A WWW server is an IT system using an information database and providing WWW clients with files. A WWW client, also called a browser, displays the information from a WWW server on the user's computer. The most well-known browsers are Mosaic, Netscape, Internet Explorer, Hot Java and Lynx. If the users inform the browser (e.g. with a mouse click) which document they would like to read, the program creates a network connection to the corresponding WWW server. The latter then sends the required document via the network to the client, which then displays it on the screen or prints it.
The WWW service is based on HTML (Hypertext Markup Language), a simple programming language which makes it possible to manage text with formatting (including determining headings, indenting, bold or italic sections of text), as well as images, even video and audio sequences. Individual documents are linked through what are known as hyperlinks. These can be a reference to another document on the same WWW server or another WWW server, to another section of the same text, to an image or something similar. Such links are normally marked in the text, usually through underlining or a different colour. Images and other embedded elements can also represent hyperlinks. The address of a WWW document (text, image, etc.) is the so called URL (Uniform Resource Locator). WWW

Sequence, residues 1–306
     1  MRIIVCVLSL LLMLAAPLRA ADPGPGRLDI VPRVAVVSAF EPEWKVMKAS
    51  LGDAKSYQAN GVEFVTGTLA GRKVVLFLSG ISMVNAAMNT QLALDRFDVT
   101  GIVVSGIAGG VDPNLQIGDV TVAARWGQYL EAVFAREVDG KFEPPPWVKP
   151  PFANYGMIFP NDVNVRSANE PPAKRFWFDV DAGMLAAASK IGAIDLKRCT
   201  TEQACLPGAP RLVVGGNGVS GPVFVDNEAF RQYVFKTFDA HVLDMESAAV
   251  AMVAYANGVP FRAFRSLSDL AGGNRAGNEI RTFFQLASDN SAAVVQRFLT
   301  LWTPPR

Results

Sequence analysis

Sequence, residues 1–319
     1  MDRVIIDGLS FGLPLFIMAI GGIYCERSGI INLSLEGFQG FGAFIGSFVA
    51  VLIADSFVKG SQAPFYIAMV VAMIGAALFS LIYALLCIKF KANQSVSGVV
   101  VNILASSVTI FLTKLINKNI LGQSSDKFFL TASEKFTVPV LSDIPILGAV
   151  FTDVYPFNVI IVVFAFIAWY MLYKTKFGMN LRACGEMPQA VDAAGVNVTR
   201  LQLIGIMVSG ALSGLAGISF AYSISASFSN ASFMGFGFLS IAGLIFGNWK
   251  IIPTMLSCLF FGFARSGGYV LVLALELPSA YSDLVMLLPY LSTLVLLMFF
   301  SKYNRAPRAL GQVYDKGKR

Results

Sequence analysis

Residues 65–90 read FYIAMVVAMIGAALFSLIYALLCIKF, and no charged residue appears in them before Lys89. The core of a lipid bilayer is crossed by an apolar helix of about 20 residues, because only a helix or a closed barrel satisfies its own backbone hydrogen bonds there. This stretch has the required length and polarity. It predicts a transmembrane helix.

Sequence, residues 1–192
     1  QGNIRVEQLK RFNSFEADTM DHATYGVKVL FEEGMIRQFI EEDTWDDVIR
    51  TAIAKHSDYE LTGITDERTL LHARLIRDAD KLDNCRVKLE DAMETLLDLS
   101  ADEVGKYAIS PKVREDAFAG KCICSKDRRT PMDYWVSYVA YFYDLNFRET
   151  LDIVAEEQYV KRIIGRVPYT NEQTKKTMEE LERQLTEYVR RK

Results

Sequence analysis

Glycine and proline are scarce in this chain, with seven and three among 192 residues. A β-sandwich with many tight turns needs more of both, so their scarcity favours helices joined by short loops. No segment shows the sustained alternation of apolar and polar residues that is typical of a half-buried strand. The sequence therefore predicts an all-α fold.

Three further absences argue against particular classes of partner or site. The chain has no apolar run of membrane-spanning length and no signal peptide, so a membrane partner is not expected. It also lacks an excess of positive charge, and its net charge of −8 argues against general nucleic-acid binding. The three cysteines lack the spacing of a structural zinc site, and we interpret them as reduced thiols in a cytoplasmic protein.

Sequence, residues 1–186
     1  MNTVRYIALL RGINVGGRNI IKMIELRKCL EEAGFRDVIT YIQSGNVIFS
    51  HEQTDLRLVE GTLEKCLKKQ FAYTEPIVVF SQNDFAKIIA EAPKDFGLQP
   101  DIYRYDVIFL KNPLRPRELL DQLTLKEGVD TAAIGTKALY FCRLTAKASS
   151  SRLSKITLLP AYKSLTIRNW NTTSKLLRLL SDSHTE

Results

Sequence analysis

The security of WWW use is mainly based on
In order to secure a WWW server, it must be ensured that
For baseline protection, the following threats are seen as typical for a WWW server:
Recommended countermeasures (S)
For the implementation of IT baseline protection, selection of the required packages of safeguards ("modules"), as described in chapters 2.3 and 2.4, is recommended.
In this chapter, only the threats and safeguards specific to a WWW server are described. In addition, chapter 6.1 Server-supported Network must be implemented to ensure the security of the organisation's own network.
In order to ensure that the connection of the WWW server to public networks (such as the Internet) is secure, attention should be paid to chapter 7.3 Firewall. This is also the case for the connection of several Intranets to an extensive Intranet. The controlled connection of external connection points (e.g. of telecommuting workstations via ISDN) is dealt with in chapter 9.3 Telecommuting.
A WWW server should be installed in a separate server room. The appropriate safeguards are described in Chapter 4.3.2. If no server room is available, the WWW server can alternatively be set up in a server cabinet (see chapter 4.4 Protective Cabinets).
In order to set up a WWW server successfully and securely, a number of safeguards must be implemented. The steps and measures involved are described below:
1. Creating a concept for the WWW server (see S 2.172 Developing a concept for using the WWW) and determining a WWW security strategy (see S 2.173 Determining a WWW security strategy):
2. Implementing the WWW server (see S 2.175 Setting up a WWW server):
3. Operating the WWW server (see S 2.174 Secure operation of a WWW server):
6. Secure operation of WWW clients
Alongside the safeguards described in chapter 5 additional safeguards outlined in S 5.45 Security of WWW-browsers should be observed.
The following describes the safeguards for the area "WWW server". For reasons of redundancy, safeguards from other chapters will not be repeated here.
© Copyright by Bundesamt für Sicherheit in der Informationstechnik 2000
Last Update on 6 April 2000